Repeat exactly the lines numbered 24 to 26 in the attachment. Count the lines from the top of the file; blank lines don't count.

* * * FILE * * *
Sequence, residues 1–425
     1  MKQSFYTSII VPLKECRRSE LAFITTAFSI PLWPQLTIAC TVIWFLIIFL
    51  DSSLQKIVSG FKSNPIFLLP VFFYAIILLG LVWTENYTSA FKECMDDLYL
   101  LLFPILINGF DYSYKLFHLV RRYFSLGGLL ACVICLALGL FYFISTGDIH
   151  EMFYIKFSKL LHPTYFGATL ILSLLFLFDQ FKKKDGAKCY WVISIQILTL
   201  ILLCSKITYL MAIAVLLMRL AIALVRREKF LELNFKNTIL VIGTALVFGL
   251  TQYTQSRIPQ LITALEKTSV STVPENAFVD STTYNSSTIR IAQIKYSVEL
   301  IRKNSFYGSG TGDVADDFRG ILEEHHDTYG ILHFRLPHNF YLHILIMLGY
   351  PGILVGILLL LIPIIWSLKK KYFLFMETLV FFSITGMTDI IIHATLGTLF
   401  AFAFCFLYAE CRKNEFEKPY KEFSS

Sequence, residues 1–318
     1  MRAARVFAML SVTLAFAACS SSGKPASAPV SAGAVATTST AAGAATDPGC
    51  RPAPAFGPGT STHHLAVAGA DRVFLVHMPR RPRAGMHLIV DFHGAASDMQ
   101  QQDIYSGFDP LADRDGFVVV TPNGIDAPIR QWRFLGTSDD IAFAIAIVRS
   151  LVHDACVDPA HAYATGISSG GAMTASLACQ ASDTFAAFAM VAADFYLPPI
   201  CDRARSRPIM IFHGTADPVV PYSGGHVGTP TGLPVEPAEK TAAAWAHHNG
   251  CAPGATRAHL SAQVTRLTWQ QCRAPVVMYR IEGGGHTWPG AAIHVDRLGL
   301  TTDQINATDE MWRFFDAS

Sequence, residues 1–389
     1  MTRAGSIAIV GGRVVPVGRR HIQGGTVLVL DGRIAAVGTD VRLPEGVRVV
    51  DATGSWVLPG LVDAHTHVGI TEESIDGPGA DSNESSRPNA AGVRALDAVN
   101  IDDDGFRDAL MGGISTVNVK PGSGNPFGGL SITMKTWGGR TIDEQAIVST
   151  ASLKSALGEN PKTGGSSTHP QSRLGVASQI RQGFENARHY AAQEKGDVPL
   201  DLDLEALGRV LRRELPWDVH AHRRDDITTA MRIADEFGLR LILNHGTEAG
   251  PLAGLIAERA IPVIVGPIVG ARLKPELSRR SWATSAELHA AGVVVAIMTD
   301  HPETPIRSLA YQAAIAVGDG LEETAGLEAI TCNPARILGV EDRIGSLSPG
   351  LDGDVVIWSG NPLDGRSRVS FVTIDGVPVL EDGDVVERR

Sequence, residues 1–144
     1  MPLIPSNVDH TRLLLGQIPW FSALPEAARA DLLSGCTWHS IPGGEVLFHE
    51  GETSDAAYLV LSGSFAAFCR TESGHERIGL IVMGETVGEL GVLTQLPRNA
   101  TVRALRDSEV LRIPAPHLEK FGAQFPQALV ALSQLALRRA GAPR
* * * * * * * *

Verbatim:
   201  DLDLEALGRV LRRELPWDVH AHRRDDITTA MRIADEFGLR LILNHGTEAG
   251  PLAGLIAERA IPVIVGPIVG ARLKPELSRR SWATSAELHA AGVVVAIMTD
   301  HPETPIRSLA YQAAIAVGDG LEETAGLEAI TCNPARILGV EDRIGSLSPG